The Online Voice of the Bicycle Alliance of Washington


Thursday, May 31, 2012

It's been a short, sweet ride

This is the last post from regular contributor Alexa Heidrich, who has returned to Portland.  We will miss her energy and enthusiasm.  Thanks, Alexa!

That's me in the red freezing on the Seattle Neighborhood Greenways ride with Elly Blue during Bike Expo.  Elly appears to be handling the wind better than me.

Well Bicycle Alliance blog readers, it’s been short but sweet.  My one year anniversary in Seattle was quickly approaching when I was offered an opportunity to relocate back to Portland.  I will miss Seattle, the people I’ve met and experiences I’ve had, especially with bike and pedestrian advocacy.  (In addition to Off the Rez, the roaming Native American food cart that everyone in Seattle should find.)  I am keeping the door open to return, and think there is such a great community spirit up here in the Puget Sound region. I cannot endorse more the unique grassroots Greenways movement which I feel lucky to have been a small part of, and which continues to gain traction with City Hall and the Department of Transportation.  I look forward to continuing my advocacy efforts in Portland, even though I suspect it will have a slightly different flavor.  Already on my ‘commute’ to work I’ve encountered 8am rush hour bike traffic on the Broadway Bridge!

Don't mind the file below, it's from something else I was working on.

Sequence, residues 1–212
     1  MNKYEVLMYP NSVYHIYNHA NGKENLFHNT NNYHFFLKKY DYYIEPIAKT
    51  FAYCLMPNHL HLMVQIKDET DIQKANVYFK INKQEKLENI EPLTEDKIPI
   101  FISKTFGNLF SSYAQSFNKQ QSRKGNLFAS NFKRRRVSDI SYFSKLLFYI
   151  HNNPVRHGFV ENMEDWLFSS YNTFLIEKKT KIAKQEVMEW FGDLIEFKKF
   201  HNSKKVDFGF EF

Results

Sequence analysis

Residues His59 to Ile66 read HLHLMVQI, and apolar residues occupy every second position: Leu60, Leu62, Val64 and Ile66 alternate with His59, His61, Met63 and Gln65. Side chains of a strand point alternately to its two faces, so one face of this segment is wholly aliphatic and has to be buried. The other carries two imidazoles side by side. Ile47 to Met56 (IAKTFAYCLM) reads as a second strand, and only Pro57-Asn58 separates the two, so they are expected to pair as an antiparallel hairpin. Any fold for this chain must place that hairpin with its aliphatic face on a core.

Happy pedaling, and I wish you all happy National Bike Month!


Here’s some fellow bikers on our way home. 


Photo credit: John Maus

Monday, May 28, 2012

Great June Bike Rides

Now that you’re in good riding shape from participating in your local Bike to Work events and the National Bike Challenge, it’s time to sign up for some June bike rides!  There are some wonderful June rides that support the Bicycle Alliance’s efforts to grow bicycling statewide.

You'll have an opportunity to ride with US National Team rider Logan Owen or Bremerton Mayor Patty Lent on Life Cyle - Bremerton ride on June 2.  The ride starts and finishes at Rotary Evergreen Park on the city's waterfront--easily accessed by the Seattle-Bremerton ferry.  The event includes a kid's bike rodeo and an after-ride meal.

Ann Weatherill Classic view. Photo by Wheatland Wheelers.